Today’s post is actually an updated version of the third ever post on this “That’s My Home” site. Launched in March 2020 with millions of people forced to stay at home because of the Covid-19 pandemic, the original theme of this site was focusd on what Louis Armstrong did when he was home. “The Slivovice Interview” was just the right if you’ve ever wondered what it would be like to spend an afternoon with Armstrong at home, sharing a drink and having some laughs over the soundtrack of his neighborhood–children play, dogs bark, car horns honk, birds chirp.
Of course, if you have been with us for our entire series celebrating the late Jack Bradley, “The Slivovice Interview” takes on new magnitude as it’s the moment we have been building towards since launching this series 16 posts ago. We’ve spent a lot of time hearing Jack and reading his words about his friendship with Louis Armstrong, but today we get to hear it in action–for two-and-a-half hours.
In May 1965, Down Beat’s New York Editor Dan Morgenstern had the idea that the music magazine should celebrate what was then perceived as Armstrong’s upcoming 65th birthday on July 4, as well as Armstrong’s 50th anniversary in show business. Down Beat agreed, devoting its July 15, 1965 issue to a “Salute to Satch,” featuring articles by Leonard Feather, Rex Stewart and an interview with Armstrong conducted by Morgenstern himself.
Morgenstern had known Armstrong for about 15 years, but hadn’t spent much time at his home, visiting for the first time in 1961. He first pitched this 65th birthday story on Louis to Joe Glaser, who helped set it up while Armstrong was home on May 22, 1965. To put Armstrong’s career in perspective at this time, he dethroned the Beatles from the top of the pop charts with “Hello, Dolly!” in 1964, had just completed a historic tour behind the Iron Curtain in March and early April 1965, and won the Grammy for “Dolly” on May 12. He was eager to show off his latest award to his visitors.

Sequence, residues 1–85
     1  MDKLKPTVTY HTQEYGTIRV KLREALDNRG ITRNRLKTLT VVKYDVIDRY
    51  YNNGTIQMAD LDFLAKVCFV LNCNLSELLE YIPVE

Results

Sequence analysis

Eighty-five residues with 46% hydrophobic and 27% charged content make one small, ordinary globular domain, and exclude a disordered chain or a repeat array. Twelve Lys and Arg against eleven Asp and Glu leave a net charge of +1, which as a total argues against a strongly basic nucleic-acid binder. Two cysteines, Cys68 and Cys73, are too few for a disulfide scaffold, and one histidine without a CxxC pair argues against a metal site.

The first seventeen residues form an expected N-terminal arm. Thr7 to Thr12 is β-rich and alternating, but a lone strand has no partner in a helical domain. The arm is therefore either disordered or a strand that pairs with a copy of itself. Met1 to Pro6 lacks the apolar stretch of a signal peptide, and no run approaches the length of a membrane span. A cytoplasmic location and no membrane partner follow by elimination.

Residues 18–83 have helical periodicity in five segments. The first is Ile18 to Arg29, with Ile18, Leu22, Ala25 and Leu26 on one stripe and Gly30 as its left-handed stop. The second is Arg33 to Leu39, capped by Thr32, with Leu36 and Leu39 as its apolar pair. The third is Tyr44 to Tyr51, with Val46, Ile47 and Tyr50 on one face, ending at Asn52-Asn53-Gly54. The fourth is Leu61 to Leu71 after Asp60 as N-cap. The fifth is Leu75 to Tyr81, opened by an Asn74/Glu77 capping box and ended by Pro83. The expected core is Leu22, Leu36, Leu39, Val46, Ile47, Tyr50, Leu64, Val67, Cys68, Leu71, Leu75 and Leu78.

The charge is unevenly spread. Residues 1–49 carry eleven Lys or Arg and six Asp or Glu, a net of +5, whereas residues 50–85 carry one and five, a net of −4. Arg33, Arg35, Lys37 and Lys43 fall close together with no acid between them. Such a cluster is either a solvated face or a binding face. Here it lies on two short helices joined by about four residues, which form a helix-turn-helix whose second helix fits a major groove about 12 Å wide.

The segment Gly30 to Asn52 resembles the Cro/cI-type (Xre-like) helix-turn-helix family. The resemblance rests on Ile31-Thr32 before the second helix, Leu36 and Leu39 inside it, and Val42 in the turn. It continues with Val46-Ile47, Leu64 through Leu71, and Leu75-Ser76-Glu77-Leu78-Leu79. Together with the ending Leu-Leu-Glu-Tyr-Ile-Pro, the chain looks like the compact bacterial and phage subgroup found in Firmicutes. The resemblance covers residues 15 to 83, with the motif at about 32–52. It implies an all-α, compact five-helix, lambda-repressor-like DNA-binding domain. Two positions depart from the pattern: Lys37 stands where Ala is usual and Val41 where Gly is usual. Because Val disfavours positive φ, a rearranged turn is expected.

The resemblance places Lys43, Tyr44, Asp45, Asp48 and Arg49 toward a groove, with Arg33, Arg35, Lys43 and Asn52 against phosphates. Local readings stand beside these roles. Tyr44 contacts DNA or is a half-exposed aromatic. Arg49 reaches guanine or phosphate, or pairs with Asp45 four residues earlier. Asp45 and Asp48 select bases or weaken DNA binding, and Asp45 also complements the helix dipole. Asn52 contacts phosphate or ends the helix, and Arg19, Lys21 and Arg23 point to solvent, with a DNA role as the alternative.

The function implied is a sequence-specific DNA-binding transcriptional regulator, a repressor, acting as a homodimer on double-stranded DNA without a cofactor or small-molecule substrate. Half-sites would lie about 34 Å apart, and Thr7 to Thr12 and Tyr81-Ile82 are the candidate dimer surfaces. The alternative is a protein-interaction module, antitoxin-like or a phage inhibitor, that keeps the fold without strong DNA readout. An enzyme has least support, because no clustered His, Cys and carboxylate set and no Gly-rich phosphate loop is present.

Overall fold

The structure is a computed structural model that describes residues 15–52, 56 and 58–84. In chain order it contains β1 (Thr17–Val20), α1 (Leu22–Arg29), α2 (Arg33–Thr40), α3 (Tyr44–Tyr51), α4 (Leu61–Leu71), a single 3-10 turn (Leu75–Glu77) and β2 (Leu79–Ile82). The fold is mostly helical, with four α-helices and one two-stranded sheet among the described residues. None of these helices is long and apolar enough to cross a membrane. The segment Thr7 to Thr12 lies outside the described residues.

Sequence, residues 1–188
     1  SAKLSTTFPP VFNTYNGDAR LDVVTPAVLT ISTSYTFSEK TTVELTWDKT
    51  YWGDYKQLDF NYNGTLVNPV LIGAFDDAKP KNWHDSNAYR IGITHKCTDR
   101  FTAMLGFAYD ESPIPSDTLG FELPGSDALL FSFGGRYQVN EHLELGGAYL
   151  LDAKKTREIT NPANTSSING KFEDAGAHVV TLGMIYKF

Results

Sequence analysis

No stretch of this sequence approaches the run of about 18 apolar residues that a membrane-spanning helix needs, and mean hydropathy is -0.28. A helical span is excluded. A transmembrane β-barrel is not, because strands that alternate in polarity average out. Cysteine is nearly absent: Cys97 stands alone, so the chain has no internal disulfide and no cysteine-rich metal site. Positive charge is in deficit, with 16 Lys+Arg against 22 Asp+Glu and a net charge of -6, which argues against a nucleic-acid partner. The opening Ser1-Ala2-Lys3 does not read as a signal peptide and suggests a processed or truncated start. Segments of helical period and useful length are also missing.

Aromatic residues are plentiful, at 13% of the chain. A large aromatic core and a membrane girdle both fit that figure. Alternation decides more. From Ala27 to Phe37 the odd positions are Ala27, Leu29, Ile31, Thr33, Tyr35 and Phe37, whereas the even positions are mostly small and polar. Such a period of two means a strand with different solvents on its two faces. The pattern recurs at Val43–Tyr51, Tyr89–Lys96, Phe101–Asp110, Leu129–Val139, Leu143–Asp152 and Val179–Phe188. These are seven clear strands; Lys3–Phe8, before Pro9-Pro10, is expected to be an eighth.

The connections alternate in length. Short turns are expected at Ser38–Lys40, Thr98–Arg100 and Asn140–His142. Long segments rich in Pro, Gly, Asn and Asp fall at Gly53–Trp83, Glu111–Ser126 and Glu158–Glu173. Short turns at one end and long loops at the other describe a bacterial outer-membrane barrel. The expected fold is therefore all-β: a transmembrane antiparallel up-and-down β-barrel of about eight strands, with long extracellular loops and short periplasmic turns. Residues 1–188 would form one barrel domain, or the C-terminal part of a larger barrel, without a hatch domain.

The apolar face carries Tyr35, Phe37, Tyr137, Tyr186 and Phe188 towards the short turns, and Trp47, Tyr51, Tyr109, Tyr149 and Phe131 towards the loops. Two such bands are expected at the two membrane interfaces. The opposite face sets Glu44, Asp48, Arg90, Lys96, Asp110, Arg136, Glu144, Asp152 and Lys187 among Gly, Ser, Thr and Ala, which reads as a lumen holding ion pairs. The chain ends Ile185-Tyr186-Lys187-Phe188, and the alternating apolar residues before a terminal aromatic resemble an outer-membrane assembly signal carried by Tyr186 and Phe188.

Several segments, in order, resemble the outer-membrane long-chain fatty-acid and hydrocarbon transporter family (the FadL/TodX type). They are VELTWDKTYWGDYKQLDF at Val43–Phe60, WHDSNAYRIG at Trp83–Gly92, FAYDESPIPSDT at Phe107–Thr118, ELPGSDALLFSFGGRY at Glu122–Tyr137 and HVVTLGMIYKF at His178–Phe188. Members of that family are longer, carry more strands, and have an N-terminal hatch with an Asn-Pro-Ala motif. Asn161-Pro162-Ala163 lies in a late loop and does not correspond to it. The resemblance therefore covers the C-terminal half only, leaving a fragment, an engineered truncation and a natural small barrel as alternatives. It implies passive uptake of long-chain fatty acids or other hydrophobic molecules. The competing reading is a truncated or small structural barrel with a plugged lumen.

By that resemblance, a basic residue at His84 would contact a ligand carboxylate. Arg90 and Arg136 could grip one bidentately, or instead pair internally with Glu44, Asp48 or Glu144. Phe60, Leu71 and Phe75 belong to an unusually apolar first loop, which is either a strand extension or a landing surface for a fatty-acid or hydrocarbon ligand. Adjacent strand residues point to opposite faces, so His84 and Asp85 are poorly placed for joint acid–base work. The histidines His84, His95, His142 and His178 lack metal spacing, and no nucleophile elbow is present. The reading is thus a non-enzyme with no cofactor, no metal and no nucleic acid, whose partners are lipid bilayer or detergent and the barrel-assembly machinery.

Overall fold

However, Armstrong’s teeth were bothering him on this tour and soon after returning home on April 12, he underwent extensive dental surgery. This resulted in one of the longest breaks Armstrong had to not worry about performing and to just relax at home as he did not have to go back to work until May 25.
On May 22, Morgenstern visited Armstrong in Queens, bringing his friend Jack Bradley along. Bradley usually had a camera with him, which was the case on this May day, as he snapped dozens of images of Armstrong in his den conversing with Morgenstern.
Morgenstern brought along a tape recorder to record the conversation. Armstrong had drifted from his once-avid hobby of making reel-to-reel tapes; Morgenstern’s tape remains one of the few in-depth conversations with Armstrong recorded at home in this period.